Colourvox – 101
Colourvox is a project initiated by Steve Hellier, co-founder of Death in Vegas and electronic sound experimenter extraordinaire and Richard Thompson, (no, not that one) who weighs in with a vast array of guitars, electronics and field recordings. There are a number of talented guests, (Andy Visser, Hugh Wilkinson, Twm Dylan, Laurent John), too, who add considerably to the mix.
I have seen Hellier hitting the inside of shipping containers and squeezing sounds out of sonic postcards. This, more conventional expression of his – and doubtless Thompson’s – sound world is a record currently looking for a home. It’s also a record that has been a long time in gestation. But that time, spent chewing over half tones and reshuffling beats, has not been wasted. There is a great feeling of calm and patience to this record. And, despite the unavoidable dollops of Ulrich Schnauss-like “loner melancholy”, which drip quietly into the mix like honey off a spoon, an ultimately uplifting experience.
Still I’m not sure whether starting an album with a track named after a famous Belgian beer is indicative of anything outside of a need to hit the bottle. The track, ‘Leffe’, is suitably Belgian in character, full of the earthy, misty grimoire that the country emanates. Half accents of an instrument or sampled passage introduce themselves only to be withdrawn, and as such, the opener is a revolving cast of sounds and sensations, none outstaying their welcome – shuffled through their time by a steady circular beat.
There are a number of elements that shape this LP, markedly. One is the way certain key sound snippets are picked and built up into a recognisable coda and left to mess with your head. For a predominantly ambient or mood album the The mid tempo and rich key patterns (sounding like early digital registry machines) in the fantastic ‘Queen’ are given a chance to run around the yard before larger more ominous elements invade their space. The final result is not unlike that reverse collage process where layers of paint, or paper are stripped away from the surface to reveal a depth on the picture plane.
‘Queen’ is an important track as it highlights another aspect that guides this rich and dreamlike release. The track introduces to our new boon companion, a beat that isn’t quite a beat, never really on the one, the offbeat, a restless and shapeshifting soul that decides it can’t just be there to propel the track. A beat acting out a part as a fractured echo of beats that have gone before it, as a link in an electronic conversation, as erased codes that somehow left enough to fuck up any copy-paste process. Ghosts. And here, presented as such. The beat is our friend throughout; the element that plays a fidgety counterpoint to those beautifully reassuring chords in ‘Zufällig’ or the rude awakener in ‘Bad Comrade’, an imposter sounding like the bin lorry dropping refuse into the chasm of the rear loader. Maybe the stumps and stubbles that give shape to ‘Elizabeth’ are the scratches and accumulated dirt the needle negotiates. These small outliers set up a glorious switch to a jazzy beat that never gets in anyone’s way.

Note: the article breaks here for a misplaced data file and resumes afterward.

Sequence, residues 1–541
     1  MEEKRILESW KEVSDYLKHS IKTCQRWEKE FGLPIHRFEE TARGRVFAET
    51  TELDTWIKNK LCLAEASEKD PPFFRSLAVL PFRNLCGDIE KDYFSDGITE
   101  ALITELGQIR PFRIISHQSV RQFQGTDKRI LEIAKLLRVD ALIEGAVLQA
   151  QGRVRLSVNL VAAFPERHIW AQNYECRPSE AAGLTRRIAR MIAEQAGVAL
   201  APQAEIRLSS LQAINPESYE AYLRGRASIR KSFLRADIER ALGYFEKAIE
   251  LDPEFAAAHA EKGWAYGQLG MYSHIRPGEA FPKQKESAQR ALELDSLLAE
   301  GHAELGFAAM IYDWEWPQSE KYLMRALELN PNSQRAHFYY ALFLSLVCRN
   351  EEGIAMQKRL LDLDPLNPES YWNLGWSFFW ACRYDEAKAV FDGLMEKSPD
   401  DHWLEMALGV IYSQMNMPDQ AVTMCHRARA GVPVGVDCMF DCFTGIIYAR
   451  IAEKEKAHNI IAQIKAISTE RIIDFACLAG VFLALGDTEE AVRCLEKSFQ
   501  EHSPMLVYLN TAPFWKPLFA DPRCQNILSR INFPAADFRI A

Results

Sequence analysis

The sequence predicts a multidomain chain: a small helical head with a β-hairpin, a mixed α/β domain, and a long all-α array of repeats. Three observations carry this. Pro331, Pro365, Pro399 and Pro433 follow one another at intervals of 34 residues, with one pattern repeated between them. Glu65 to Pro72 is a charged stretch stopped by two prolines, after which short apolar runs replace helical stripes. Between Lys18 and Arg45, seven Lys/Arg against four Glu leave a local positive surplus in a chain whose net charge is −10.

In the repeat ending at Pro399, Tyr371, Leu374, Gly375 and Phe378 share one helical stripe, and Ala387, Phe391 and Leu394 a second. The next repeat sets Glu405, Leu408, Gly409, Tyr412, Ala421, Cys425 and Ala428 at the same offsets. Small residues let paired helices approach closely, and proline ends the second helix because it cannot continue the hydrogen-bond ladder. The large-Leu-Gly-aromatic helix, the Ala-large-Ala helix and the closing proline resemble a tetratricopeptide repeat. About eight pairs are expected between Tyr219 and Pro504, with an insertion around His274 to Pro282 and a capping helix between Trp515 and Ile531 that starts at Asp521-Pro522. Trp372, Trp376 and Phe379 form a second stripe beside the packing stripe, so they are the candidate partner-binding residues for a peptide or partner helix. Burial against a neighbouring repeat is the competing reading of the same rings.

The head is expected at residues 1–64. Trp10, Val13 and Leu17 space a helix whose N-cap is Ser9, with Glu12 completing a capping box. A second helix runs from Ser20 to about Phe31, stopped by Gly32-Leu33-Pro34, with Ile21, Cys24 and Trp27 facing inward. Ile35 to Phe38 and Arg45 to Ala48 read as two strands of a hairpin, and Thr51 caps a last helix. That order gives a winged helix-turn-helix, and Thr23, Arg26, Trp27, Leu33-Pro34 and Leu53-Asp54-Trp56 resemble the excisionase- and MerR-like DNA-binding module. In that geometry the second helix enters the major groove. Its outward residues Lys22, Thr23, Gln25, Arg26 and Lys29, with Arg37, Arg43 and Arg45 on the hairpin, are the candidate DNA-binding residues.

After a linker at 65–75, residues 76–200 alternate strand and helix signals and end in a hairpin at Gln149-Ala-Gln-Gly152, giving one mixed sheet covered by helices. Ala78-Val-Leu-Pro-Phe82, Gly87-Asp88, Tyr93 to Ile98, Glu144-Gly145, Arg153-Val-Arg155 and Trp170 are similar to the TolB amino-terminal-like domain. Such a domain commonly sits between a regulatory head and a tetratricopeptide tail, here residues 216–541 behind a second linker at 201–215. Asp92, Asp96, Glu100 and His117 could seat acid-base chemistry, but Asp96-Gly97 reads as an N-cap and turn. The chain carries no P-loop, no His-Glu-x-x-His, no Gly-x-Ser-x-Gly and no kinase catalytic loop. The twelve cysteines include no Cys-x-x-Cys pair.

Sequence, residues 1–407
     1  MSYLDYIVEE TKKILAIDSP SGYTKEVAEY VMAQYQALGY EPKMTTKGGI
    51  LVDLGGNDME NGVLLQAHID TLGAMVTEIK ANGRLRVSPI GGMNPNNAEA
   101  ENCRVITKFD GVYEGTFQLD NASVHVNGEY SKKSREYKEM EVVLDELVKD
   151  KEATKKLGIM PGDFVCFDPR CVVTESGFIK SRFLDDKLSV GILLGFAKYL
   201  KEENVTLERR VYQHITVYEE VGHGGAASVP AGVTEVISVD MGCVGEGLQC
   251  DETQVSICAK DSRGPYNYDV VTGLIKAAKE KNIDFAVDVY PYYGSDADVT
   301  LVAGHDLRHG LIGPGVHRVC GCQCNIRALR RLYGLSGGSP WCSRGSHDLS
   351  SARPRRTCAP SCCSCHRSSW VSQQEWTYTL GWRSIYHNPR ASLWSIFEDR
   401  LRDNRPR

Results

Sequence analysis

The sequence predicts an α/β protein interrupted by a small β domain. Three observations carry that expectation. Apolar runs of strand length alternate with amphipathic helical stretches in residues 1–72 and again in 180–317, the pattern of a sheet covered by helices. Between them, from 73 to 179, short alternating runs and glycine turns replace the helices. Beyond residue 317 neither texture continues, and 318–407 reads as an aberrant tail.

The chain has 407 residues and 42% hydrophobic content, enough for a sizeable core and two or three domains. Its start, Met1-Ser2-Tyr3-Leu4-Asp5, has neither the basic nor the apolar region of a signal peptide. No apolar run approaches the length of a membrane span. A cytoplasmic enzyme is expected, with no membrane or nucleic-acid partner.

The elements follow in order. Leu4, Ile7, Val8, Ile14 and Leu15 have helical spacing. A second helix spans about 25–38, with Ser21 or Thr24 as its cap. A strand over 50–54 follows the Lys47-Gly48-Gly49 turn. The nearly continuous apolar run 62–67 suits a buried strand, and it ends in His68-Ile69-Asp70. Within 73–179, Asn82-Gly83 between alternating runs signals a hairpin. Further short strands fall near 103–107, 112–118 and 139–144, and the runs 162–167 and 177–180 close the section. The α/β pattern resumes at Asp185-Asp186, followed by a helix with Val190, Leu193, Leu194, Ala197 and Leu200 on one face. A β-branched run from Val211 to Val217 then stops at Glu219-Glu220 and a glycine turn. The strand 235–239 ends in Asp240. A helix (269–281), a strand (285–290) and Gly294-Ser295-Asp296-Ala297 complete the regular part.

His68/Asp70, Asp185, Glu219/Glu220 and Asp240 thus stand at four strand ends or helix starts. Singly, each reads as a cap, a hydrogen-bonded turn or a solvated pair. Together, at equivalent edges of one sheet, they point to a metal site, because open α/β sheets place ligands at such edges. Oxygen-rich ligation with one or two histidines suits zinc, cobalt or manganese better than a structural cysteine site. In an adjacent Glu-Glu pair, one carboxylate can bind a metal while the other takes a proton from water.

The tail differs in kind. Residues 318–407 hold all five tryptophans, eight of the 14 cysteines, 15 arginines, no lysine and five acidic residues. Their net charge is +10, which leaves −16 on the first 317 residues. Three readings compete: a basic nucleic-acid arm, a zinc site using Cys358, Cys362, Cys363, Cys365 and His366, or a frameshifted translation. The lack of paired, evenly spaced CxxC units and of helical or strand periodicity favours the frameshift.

We mentioned melancholy before: some tracks like ‘Elizabeth’ and ‘Beware’ revel in it. The latter is stuffed full of sort of weepy progressions, one such burnished by the strokes of guitar and watery keys: it’s a highly effective piece. On ‘Sea’ the layered sounds and games of footsie played by the harmonics conjure up images of holding photo negatives to the light – experience filtered through melody – a fusion of elements that create a mnemonic backdrop. Here, sounds make an appearance as ancient sun flashes, the things that never get remembered or captured in real time yet continue to act as an emotional compass for the soul.
Then there are the vocals from Laurent John on ‘Made to See’ and ‘Sea’, which work as quiet if beautiful soulful awakenings. John’s soft-buttered vocals – so reminiscent of David McAlmont’s – ride on the swells and eddies of both tracks, as effective a pair of lullabies as you could wish to hear. We get a final dose of brain balm with last track ‘Katel’, a memory wipe courtesy of a chord progression that sounds as if it’s constantly running up and down stairs.
This is the sound of music made outside of the industry, in the real worlds between people’s heads. None the worse for it. Better in fact.